Jackson sophomore guard Mack Konig shoots during practice this past Monday in Mill Creek. (Andy Bronson / The Herald)

Jackson sophomore guard Mack Konig shoots during practice this past Monday in Mill Creek. (Andy Bronson / The Herald)

Jackson sophomore makes area girls basketball history

Mack Konig’s 47-point outing ranks among the best in the history of current Wesco schools.

With a record-breaking performance two weeks ago, Mack Konig posted one of the highest individual point totals in Wesco girls basketball history.

The Jackson High School sophomore phenom poured in a program-record 47 points and almost single-handedly outscored the opposition in the Timberwolves’ 70-48 win over Kamiak on Jan. 24.

“It was amazing,” Jackson coach Corey Gibb said.

And it was incredibly rare.

Coaches and athletic directors from 17 of the 23 current Wesco schools recently provided their girls basketball single-game scoring records to The Daily Herald.

The only mark higher than Konig’s belonged to Everett’s Jo Levin, who dropped 52 points during a contest in the 1970s.

Konig and Gibb, however, went most of the game without realizing just how many points she’d racked up.

“Neither one of us knew exactly how many she had,” Gibb said.

It wasn’t until about six minutes to play, when an assistant coach tapped Gibb on the shoulder, that he realized just how close Konig was to the Jackson school record. At that point, his star 5-foot-8 guard had scored 40.

Kristi Kingma, who went on to become a record-setting 3-point shooter at the University of Washington, held the previous Jackson mark with a 43-point game in 2008. But in the moment, Gibb thought the number to beat was 45.

“I called Mack over and I’m like, ‘Hey, you’ve got 40 points and we still have six minutes to go, so should we go for a school record?’” Gibb said. “And she’s like, ‘Yeah,’ (and she’s) got the grin on her face.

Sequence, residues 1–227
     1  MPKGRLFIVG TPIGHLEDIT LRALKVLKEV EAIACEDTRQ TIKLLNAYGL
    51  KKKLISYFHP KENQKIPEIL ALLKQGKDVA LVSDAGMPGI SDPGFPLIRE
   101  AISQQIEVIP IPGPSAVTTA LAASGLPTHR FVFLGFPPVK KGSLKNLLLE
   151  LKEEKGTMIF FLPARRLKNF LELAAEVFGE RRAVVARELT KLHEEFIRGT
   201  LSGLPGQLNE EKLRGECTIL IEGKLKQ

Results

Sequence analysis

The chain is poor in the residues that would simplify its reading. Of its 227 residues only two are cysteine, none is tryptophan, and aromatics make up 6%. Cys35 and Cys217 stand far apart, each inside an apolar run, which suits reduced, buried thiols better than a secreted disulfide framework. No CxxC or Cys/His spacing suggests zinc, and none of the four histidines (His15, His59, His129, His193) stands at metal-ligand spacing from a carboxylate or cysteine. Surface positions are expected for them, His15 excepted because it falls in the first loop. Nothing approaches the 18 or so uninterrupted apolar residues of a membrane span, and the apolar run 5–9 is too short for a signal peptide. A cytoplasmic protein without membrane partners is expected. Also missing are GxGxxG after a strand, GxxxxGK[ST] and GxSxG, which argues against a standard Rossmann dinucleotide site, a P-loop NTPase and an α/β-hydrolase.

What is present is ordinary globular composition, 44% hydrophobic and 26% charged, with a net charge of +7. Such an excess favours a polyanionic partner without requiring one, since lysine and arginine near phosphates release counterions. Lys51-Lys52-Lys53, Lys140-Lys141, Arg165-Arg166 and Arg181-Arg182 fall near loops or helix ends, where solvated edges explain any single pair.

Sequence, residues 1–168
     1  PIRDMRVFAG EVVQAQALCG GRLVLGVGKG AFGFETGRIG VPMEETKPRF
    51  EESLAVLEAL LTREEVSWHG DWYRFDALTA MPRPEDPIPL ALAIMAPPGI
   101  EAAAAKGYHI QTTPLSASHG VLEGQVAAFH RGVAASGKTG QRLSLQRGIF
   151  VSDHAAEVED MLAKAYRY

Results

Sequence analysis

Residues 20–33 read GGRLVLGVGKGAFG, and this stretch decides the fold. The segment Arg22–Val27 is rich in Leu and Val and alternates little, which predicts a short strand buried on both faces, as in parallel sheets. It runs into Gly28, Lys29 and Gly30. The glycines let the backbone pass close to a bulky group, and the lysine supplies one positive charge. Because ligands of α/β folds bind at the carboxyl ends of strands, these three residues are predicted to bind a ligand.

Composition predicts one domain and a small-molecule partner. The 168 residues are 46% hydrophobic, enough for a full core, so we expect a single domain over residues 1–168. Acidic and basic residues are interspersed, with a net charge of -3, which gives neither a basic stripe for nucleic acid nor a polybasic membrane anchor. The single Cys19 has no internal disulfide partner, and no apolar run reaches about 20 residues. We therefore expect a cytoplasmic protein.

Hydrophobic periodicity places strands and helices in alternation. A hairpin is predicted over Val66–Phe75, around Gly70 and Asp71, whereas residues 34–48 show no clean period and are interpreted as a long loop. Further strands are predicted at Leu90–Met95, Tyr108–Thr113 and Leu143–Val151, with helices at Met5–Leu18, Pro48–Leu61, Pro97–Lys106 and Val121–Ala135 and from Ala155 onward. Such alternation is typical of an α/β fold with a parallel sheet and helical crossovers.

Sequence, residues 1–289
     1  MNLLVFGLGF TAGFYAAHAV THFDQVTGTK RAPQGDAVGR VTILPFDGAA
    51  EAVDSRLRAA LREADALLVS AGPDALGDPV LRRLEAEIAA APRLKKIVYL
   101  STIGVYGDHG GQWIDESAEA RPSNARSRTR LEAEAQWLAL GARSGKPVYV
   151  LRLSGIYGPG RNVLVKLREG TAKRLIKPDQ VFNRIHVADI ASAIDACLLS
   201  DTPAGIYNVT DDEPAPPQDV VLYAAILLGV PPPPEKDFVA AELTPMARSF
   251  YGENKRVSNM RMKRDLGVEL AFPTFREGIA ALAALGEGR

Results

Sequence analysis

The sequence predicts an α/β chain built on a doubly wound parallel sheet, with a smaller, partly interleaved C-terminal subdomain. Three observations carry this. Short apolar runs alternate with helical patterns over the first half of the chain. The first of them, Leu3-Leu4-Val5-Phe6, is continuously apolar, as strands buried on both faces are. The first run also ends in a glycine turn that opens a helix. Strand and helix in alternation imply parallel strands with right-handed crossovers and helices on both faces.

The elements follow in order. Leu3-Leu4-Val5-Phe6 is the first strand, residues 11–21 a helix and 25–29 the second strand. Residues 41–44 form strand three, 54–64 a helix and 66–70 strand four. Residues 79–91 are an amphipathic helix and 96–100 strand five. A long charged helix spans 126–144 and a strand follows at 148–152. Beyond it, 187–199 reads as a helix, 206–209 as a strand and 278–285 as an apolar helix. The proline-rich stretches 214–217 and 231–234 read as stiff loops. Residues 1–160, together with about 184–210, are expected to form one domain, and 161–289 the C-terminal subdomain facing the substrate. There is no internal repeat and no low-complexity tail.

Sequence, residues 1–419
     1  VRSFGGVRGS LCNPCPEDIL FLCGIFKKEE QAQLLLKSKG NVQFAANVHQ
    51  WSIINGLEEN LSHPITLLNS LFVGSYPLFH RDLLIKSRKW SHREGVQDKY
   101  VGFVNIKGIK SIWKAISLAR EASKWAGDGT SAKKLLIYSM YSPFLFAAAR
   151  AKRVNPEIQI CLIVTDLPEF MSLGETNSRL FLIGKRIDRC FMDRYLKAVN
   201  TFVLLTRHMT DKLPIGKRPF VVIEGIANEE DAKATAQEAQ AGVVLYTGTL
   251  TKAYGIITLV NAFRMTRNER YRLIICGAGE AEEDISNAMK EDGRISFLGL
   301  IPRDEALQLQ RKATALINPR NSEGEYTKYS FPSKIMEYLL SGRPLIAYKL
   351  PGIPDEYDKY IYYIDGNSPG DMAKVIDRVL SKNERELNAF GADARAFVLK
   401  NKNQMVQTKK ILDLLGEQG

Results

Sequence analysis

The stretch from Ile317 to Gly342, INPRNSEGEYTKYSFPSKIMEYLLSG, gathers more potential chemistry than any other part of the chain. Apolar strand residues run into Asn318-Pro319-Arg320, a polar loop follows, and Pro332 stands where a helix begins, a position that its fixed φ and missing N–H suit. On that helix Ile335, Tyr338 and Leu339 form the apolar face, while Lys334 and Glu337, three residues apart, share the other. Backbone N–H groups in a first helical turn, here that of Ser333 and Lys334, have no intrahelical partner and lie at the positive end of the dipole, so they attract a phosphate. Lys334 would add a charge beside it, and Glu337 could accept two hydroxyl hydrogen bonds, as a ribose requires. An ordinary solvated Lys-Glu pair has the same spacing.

“I got the rest of the girls in on it, and they were totally excited for her. … They were just feeding her the ball, and she just kept attacking and going and going.”

Konig recalls standing at the free-throw line in the closing minutes, sitting at 44 points. Though she’d actually already broken the school record, Konig and her coaches thought she was still one point away from tying Kingma.

Konig missed the free throw, but got a chance to redeem herself on the following possession. That time, she drained a 3-pointer to put herself over the 45-point mark.

“I shot it and I could just hear my whole team almost praying that it would go in,” Konig said. “And (then) all I can remember is my teammates standing up and everybody screaming. It was a special moment. It was quite incredible.”

“I’m really happy for her,” Gibb added. “It couldn’t happen to a better kid.”

Konig achieved the record while shooting an efficient 17-of-29 from the field, which equates to 58.6%. She sank six 3-pointers, made 11 2-pointers and hit 7 of 10 free throws.

“I think the thing that probably stood out the most was her attack,” Gibb said. “I mean, she just kept going and going and going. … And she still rebounded and she still got assists, so it wasn’t just ‘me, me, me, go score.’

“She’s not a one-dimensional, one-end-of-the-court kind of kid. She plays both ends of the floor. … It was a complete game.”

That night was one of many big performances this season for Konig, who entered Friday averaging 25.2 points per game. She had scored at least 30 points in four contests and at least 20 in all but three. She broke another school record earlier last month, when she drained eight 3-pointers during a 34-point effort against Mariner.

This past summer, Konig showcased her elite talent at the FIBA U-16 Women’s European Championship as part of the Austrian under-16 national team. Born in Abbotsford, British Columbia, she has dual citizenship between Canada and Austria.

Konig’s older sister, Aislinn, is a senior starter for the North Carolina State University women’s basketball team.

Mack Konig, meanwhile, isn’t even halfway through her high school career.

“She’s got a lot of basketball at Jackson left ahead of her,” Gibb said. “So I’m sure this won’t be the only school record that’s broken.”

Listed below are the girls single-game scoring records for 17 of the 23 current Wesco schools, according to coaches and athletic directors.

Everett: Jo Levin (1970s) — 52

Jackson: Mack Konig (2020) — 47

Arlington: Kayla Burt (2000) — 45

Lake Stevens: Kylee Griffen (2017), Brooke Pahukoa (2012) — 42

Monroe: Suzanna Ohlsen (2011) — 40

Oak Harbor: Heidi McNeill (2005) — 40

Snohomish: Katie Benson (2008) — 38

Mount Vernon: Cheyenne Walker (2009) — 37

Lynnwood: Amayah Kirkman (2018) — 36

Meadowdale: Kristen O’Neill (2000-01) – 36

Kamiak: Lindsay Page (2000-01) — 35

Mariner: Hannah Hezekiah (2016-17), Taliyah Clark (2017) – 35

Stanwood: Rachele Kloke (2007) — 35

Edmonds-Woodway: Missy Peterson (2016) — 33

Glacier Peak: Katie Hawkins (2012) — 32

Cedarcrest: Megan Ditore (2015), Kalee Fowler (2014), Sarah Gustat (2001) — 29

Marysville Getchell: Gabrielle Grandbois (2017) — 29

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